Gordon Campbell | Parliament TV | Parliament Today | Video | Questions Of the Day | Search

 


Government announces more support for Māori housing

Tariana Turia

12 JULY, 2014

Government announces more support for Māori housing

Associate Minister of Housing Tariana Turia today announced the establishment of a National Māori Housing Unit within the Ministry of Business, Innovation & Employment (MBIE) to co-ordinate strategic Māori housing policy across government.

The Māori Housing Unit will also support the implementation of He Whare Ahuru He Oranga Tangata – The Māori Housing Strategy which was announced recently. This strategy sets out six directions for improvement in Māori housing over the next 10 years.

“The establishment of the Māori Housing Unit is another step in the Government’s plan to improve housing for Māori, who more than other New Zealanders are affected by overcrowding, substandard housing and low levels of home ownership,” says Minister Turia.

The Māori Housing Unit will in turn be supported by a Māori Housing Reference Group made up of Māori business and housing practitioner experts.

“I am also announcing today that the funding provided by the Government through the Kāinga Whenua Infrastructure Grant and the Māori Housing Fund to support Māori housing development will be administered by the North Island Whānau Ora Commissioning Agency Te Pou Matakana,” says Mrs Turia.

“This organisation is working at a grass roots level to help meet the needs of whānau and families and provide the right kind of support that enables them to realise their potential.

“We want to see more Māori organisations involved in building houses, managing rental tenancies, providing affordable rentals and developing home ownership programmes for Māori whānau.

“By incorporating the Whānau Ora approach to include housing needs, whānau and families can achieve realistic goals. Te Pou Matakana is well placed to work with Māori organisations to help deliver this vision.

“Our future direction must be driven by strategies in which Government and Māori can work closely together to achieve mutual interests. The Productivity Commission concluded that Whānau Ora was the ‘best fit’ approach for Government to progress Māori housing aspirations.

“Today’s announcements, combined with the Government’s social housing reforms, the right of first refusal over surplus land as a result of Treaty settlements and the transfer of Housing New Zealand homes to community housing providers are designed to give Māori more control over how best to meet their housing needs,” says Mrs Turia.


© Scoop Media

 
 
 
 
 
Parliament Headlines | Politics Headlines | Regional Headlines

Novopayout: Government-Owned Company To Take Over School Payroll

After lengthy negotiations, the Ministry of Education and the existing school payroll provider, Talent2, have settled both on the amounts payable by Talent2 towards the costs of remediating the Novopay service and a new operating model for the school payroll system.

The new model involves a new government-owned company taking over the operation of the payroll service, and Talent2 licensing the core Alesco software to that company.

The settlement provides for Talent2 to pay the Ministry between $18 million and $22 million, made up of $7 million in cash and other considerations including a license for the Alesco software and discounted fees for the support and maintenance of this software. More>>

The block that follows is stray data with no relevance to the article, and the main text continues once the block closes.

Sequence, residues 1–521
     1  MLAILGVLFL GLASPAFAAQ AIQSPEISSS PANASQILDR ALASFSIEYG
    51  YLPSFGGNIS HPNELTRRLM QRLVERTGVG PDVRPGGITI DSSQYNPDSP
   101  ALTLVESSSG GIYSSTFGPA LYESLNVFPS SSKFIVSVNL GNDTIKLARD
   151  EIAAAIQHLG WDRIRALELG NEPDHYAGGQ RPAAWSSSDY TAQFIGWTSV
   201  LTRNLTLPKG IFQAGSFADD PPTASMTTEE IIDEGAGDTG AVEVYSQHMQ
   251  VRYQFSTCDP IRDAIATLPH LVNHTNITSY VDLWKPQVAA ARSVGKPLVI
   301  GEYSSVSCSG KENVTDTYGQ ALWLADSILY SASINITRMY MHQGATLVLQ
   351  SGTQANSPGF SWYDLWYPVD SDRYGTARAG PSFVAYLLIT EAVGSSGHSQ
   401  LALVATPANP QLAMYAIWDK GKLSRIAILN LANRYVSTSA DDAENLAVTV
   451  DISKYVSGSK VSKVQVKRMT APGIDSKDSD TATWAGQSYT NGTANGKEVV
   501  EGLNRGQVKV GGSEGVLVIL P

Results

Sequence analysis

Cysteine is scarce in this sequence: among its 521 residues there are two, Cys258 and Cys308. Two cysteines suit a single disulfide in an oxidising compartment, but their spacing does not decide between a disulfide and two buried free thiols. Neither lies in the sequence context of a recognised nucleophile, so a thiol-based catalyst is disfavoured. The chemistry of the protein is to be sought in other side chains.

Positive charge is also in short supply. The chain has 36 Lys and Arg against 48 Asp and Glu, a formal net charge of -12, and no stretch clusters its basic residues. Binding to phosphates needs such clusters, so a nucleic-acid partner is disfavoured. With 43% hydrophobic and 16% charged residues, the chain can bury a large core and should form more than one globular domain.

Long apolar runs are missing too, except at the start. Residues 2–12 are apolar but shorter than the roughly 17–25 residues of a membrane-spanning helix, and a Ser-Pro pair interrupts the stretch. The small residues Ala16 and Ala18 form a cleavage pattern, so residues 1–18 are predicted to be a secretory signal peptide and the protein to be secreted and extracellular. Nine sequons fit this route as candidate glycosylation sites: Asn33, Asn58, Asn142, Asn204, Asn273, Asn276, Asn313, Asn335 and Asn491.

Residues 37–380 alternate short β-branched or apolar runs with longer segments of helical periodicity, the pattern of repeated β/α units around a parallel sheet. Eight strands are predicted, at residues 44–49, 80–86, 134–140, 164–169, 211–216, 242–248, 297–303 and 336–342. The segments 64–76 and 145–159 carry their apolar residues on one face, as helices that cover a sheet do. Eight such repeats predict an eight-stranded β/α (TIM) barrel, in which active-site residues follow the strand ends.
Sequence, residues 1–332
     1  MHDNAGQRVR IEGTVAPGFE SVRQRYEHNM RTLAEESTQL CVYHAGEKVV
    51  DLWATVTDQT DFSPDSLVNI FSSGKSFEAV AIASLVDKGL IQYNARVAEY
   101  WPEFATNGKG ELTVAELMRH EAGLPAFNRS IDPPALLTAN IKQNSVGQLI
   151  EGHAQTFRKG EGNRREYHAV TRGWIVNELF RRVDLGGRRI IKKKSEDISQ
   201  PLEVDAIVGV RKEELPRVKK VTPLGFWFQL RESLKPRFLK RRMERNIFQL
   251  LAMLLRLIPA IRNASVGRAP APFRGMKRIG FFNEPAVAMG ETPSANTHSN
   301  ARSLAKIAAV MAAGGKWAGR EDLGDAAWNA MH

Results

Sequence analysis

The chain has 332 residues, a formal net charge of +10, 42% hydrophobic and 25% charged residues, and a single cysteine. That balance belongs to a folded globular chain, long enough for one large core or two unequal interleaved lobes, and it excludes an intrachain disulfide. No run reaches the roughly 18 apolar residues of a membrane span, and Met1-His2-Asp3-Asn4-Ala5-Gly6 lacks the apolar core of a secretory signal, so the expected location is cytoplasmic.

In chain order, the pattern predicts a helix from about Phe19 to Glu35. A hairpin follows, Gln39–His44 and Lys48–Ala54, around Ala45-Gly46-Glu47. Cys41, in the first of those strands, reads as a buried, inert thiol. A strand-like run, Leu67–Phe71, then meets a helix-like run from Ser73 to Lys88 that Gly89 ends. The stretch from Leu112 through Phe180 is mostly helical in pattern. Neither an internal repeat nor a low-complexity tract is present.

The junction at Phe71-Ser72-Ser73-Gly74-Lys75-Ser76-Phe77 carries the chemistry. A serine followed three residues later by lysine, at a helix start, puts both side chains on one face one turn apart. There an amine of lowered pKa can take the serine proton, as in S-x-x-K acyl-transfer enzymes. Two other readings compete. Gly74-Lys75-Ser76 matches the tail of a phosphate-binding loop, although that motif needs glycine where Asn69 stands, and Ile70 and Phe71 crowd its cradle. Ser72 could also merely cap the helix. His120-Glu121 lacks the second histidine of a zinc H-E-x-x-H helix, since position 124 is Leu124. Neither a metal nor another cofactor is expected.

Parliament Today:

Gordon Campbell: On National’s Electorate Deals

For all the talk yesterday from Prime Minister John Key about National being transparent about its electorate deals in Epsom and Ohariu, that transparency is entirely front-loaded. More>>

ALSO:

Greens: Oil Drilling Face-Off With Labour

The key policy points in the Green Party’s plan to protect our beaches from oil spills are to:
1. Prohibit deep sea oil drilling; 2. Implement compulsory shipping lanes for coastal shipping; 3. Build Maritime New Zealand’s oil spill response capability; and 4. Introduce a stronger legal framework so that when accidents do happen, the New Zealand taxpayer does not have to pay for the clean-up. More>>

ALSO:


Nick Smith v Fish & Game:

Minister Told Of FBI Investigation, Says INZ: Coleman Must Quit Or Be Sacked Over Dotcom Case - Harré

Immigration New Zealand has done the right thing in distancing itself from Jonathan Coleman’s claims that ministers were not aware of FBI involvement in Kim Dotcom’s residency application, says the Internet Party. More>>

ALSO:

Valedictory Season: Maori Party Founders Say Goodbye

Two major Maori MPs gave there farewell speeches to Parliament Thursday outlining their history, experiences, triumphs and regrets. More>>

ALSO:

Resignation Not Accepted: Transport Minister Breaches Aviation Security Rules

"Running late for a plane at Christchurch Airport, I without thought breached airport and airline security rules by entering the gate lounge through a door usually used for exit only..." More>>

ALSO:

TAIC Report: Urgent Recommendations After Melling Rail Accident

The Transport Accident Investigation Commission has made four urgent recommendations to KiwiRail following the accident two months ago (27 May) when a Matangi passenger train collided with a stop block at Melling Station, Lower Hutt. More>>

ALSO:

Red Tape: Local Regulations Go Under Microscope

The Government says it is accepting nearly all of the recommendations the Productivity Commission has made on ways to improve local regulations. More>>

ALSO:

Spending Questions: Claudette Hauiti To Step Aside At Election

National Party President Peter Goodfellow confirms that he has received notification from List MP Claudette Hauiti that she plans to step aside at the 20 September election. More>>

ALSO:

Get More From Scoop

 

LATEST HEADLINES

 
 
 
 
 
 
Parliament
Search Scoop  
 
 
Powered by Vodafone
NZ independent news